you need to get your automation engineers into your scrum team

I don’t know why, but it surprised me. Are there really companies out there up to speed enough to be doing test automation; yet so behind the times with agile that they think it’s a good idea to have a dedicated team of automation engineers, removed from the rest of the dev team?

Cross-functional teams are a pretty central idea to agile – breaking down silos and ensuring that everyone that is required to produce an increment of working software is aligned and working together. It’s certainly not a new idea, but it’s clearly an idea that we’re still struggling to absorb.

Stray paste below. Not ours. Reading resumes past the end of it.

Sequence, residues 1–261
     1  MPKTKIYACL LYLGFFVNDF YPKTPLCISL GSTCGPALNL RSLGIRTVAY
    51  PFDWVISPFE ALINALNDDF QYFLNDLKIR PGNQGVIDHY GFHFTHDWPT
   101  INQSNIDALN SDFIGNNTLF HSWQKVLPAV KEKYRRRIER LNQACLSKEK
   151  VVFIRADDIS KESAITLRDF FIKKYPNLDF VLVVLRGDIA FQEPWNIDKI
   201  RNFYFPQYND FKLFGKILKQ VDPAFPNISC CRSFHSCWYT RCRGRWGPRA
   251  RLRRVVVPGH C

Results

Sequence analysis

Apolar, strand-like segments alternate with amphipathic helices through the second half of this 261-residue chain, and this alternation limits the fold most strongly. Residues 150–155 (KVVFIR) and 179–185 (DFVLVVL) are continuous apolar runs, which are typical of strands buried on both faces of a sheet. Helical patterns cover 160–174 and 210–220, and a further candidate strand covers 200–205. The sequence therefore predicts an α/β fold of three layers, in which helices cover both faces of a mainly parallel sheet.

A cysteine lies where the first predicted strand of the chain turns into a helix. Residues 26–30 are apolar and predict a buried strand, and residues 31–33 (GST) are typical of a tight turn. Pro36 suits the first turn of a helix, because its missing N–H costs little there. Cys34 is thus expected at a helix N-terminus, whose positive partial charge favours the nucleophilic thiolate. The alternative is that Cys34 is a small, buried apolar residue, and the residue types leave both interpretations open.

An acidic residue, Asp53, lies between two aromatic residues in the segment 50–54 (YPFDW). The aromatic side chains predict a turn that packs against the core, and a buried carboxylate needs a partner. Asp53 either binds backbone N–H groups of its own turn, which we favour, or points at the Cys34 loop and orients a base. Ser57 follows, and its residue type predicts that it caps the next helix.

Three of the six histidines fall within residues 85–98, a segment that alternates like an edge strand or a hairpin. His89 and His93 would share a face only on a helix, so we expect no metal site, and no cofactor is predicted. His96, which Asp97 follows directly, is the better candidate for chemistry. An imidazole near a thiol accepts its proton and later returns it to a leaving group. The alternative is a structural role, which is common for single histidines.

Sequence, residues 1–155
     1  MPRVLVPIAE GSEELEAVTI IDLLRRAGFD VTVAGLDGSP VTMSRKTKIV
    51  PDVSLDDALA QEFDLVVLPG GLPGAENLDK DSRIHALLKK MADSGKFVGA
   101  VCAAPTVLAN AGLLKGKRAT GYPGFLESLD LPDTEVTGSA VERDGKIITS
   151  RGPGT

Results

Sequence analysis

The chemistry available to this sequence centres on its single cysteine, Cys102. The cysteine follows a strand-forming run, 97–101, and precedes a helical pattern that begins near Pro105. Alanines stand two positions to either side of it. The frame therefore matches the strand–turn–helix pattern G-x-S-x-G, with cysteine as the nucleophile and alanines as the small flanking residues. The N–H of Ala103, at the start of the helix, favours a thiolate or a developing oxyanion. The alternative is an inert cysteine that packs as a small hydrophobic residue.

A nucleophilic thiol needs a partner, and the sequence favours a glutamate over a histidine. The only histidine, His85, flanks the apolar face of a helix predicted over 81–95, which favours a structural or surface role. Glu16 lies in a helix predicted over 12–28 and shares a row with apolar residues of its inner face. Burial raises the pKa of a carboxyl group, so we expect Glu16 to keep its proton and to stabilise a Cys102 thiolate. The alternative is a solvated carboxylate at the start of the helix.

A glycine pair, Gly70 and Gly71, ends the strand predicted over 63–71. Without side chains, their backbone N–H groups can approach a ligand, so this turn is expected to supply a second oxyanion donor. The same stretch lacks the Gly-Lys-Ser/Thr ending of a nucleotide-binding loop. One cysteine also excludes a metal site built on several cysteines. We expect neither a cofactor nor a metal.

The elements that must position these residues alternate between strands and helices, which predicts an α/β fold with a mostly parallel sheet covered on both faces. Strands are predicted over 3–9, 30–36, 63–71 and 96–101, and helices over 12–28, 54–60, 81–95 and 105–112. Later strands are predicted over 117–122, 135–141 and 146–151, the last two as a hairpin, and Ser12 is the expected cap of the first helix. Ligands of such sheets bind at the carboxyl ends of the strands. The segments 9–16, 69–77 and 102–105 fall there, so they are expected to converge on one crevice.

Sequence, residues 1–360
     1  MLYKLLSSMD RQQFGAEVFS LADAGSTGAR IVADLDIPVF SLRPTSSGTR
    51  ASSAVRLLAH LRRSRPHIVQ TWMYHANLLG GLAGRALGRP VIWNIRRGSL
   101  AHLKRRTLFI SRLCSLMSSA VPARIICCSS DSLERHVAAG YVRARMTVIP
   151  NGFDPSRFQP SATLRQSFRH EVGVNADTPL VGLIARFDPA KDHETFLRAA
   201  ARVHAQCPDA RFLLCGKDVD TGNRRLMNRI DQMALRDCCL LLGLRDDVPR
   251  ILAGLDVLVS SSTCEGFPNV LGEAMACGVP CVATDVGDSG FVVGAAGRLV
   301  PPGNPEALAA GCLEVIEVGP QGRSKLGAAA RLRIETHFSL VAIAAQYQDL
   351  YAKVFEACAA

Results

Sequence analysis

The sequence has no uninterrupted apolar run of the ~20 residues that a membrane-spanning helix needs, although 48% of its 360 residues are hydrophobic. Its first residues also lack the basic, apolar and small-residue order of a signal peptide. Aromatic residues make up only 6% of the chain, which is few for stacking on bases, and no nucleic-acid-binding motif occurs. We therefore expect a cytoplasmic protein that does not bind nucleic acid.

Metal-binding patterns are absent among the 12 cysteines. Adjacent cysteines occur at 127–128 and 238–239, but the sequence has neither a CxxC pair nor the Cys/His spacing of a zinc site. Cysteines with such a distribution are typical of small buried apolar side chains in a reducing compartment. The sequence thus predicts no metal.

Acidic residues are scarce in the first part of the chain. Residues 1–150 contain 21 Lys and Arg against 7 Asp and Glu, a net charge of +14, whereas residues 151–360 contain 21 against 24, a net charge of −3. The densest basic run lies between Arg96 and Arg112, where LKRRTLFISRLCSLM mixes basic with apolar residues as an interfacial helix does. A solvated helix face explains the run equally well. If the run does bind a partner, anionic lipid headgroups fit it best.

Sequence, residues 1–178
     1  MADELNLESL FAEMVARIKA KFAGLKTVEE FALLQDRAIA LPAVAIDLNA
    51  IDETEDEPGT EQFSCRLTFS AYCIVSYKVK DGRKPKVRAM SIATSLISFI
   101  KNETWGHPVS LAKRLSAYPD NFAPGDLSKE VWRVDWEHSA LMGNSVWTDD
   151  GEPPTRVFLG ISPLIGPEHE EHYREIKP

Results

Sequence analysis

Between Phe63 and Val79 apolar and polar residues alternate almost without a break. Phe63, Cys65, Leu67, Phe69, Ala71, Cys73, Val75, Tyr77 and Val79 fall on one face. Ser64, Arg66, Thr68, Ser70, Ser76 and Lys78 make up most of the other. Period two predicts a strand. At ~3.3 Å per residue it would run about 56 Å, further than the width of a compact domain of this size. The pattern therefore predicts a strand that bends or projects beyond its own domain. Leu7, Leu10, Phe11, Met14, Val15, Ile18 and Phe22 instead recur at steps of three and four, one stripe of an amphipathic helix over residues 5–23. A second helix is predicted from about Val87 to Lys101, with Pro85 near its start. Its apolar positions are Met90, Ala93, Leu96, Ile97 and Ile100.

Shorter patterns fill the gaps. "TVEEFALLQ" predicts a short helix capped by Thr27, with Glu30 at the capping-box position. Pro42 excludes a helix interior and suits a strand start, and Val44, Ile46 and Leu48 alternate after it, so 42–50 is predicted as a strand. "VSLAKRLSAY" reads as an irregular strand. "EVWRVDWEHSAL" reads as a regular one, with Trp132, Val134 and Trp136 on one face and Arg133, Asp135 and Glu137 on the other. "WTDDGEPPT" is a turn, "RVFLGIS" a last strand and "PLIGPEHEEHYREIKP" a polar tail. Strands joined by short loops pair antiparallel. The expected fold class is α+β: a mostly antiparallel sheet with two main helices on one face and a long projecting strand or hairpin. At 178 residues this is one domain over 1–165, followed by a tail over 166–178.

But then, looking back, I remember working for a certain large company that decided they needed to “do more test automation”. So they hired a room full of automation engineers, who sat two floors away from the dev team, in a room hidden away (we honestly didn’t know they were even there for weeks, maybe even months). This team were responsible for creating an automated test pack for the application (rather than use the one the test automation engineers in the scrum teams had been working on for the last few years). But… they weren’t even talking to the scrum teams. So they were constantly chasing to keep up. As you can imagine, hilarity ensued. I say hilarity. Arguments, really. Then anger. Eventually laughter as we realised all this effort was wasted because the scrum teams wouldn’t – in fact couldn’t – support this new automation code.